MITACS Seminar Series on Mathematics of Computer Algebra and Analysis

Sparse Polynomial Interpolation.

Michael Monagan, Department of Mathematics, Simon Fraser University

Slides from Talk

4:15pm, Thursday August 12th, 2010, in IRMACS.


Let f be a polynomial in R[x1,x2,...,xn] of degree d with t non-zero terms
which is represented as a "black box", i.e., all we can do is evaluate f
at a point (a1,a2,...,an) in R^n.  We call this ``probing'' the black
box and we seek algorithms to interpolate f which minimize the number of
probes (values).  Consider

     f = 1 + x1^d + x2^d + ... + xn^d

We can interpolate f from (d+1)^n values (probes) using Newton interpolation.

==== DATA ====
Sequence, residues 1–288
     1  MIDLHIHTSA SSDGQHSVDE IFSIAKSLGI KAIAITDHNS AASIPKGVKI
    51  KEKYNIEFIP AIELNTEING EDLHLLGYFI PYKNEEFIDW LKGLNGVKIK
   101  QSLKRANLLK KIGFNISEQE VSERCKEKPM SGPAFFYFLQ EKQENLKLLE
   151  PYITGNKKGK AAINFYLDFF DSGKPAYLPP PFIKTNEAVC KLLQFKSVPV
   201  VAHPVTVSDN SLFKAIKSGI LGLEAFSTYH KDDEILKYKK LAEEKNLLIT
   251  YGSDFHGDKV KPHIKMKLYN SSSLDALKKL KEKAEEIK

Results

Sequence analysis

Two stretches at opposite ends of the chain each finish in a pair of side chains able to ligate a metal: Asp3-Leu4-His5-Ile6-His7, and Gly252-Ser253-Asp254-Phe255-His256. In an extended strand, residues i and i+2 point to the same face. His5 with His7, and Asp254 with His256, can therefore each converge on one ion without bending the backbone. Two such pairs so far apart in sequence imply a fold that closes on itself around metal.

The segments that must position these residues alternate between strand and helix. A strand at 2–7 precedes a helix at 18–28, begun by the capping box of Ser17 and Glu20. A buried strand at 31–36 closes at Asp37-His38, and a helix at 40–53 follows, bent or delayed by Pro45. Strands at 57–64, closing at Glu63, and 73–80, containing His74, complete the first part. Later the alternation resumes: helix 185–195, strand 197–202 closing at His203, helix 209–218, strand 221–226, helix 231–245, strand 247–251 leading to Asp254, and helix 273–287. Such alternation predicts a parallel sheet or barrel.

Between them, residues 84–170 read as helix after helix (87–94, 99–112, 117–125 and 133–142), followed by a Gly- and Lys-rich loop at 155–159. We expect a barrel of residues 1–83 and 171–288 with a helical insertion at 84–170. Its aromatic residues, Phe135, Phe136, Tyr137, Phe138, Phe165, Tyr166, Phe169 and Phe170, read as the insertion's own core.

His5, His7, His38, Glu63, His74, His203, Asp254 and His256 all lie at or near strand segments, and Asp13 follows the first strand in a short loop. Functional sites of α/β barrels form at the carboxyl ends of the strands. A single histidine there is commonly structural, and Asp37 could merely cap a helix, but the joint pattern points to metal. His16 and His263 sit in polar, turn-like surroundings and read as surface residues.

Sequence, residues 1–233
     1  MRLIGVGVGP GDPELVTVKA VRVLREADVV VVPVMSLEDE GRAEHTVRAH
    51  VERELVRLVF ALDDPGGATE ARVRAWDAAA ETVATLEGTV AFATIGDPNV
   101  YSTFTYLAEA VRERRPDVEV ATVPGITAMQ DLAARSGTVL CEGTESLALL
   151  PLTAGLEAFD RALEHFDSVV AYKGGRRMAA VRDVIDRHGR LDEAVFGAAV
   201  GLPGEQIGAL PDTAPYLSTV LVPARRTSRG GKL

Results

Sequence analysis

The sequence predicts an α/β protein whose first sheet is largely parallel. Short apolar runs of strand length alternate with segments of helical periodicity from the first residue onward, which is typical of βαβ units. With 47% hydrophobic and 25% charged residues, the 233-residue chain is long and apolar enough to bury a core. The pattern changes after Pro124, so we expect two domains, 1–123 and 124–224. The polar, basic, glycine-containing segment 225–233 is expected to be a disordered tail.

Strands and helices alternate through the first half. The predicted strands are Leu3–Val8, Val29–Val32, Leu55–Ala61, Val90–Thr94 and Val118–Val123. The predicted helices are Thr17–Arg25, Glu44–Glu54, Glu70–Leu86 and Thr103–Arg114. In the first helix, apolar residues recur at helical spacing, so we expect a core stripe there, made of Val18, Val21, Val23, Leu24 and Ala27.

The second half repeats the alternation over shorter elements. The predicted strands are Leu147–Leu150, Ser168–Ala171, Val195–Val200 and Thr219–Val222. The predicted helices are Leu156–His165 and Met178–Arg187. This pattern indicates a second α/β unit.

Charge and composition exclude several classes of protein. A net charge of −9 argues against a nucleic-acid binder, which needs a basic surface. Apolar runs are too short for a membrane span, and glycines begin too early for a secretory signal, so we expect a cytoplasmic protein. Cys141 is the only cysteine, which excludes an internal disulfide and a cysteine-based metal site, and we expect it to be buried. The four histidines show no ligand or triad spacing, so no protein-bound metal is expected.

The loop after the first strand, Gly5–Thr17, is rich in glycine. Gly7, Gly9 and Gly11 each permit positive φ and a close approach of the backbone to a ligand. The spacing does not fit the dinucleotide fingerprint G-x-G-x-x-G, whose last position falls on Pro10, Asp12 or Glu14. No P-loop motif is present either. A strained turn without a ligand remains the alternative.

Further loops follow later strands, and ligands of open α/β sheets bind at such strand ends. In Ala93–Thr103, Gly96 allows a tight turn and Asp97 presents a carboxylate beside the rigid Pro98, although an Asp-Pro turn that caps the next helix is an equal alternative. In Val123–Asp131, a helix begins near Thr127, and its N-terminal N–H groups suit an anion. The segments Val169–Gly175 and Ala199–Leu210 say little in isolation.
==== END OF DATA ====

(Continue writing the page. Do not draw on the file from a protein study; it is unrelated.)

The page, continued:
But this is exponential in n and since multivariate polynomials in practice 
are usually sparse, that is, t << (d+1)^n, we seek algorithms which
do a polynomial number of probes in t, n and d.

In this talk we will present several previous methods, including
o Richard Zippel's probabilistic method for R = Zp from 1979,
o Ben-Or and Tiwari's deterministic method from 1988 for R = Z,
o Huang and Rao's parallel method for small finite fields from 1999,
o Kaltofen, Lee and Lobo's racing algorithm from 2000 for R = Zp.
Zippel's algorithm is used by Maple, Magma and Mathemtica for
polynomial GCD computation over Z.  It makes O(ndt) probes.
For algorithms which need to interpolate over R = Zp, Kaltofen,
Lee and Lobo's method is the most efficient method (makes O(nt) probes)
but it is highly sequential.  We present a new parallel method
which attains the same (O(nt) values).  We have present also
benchmarks comparing our algorithm with Zippel's.

This is joint work with Mahdi Javadi.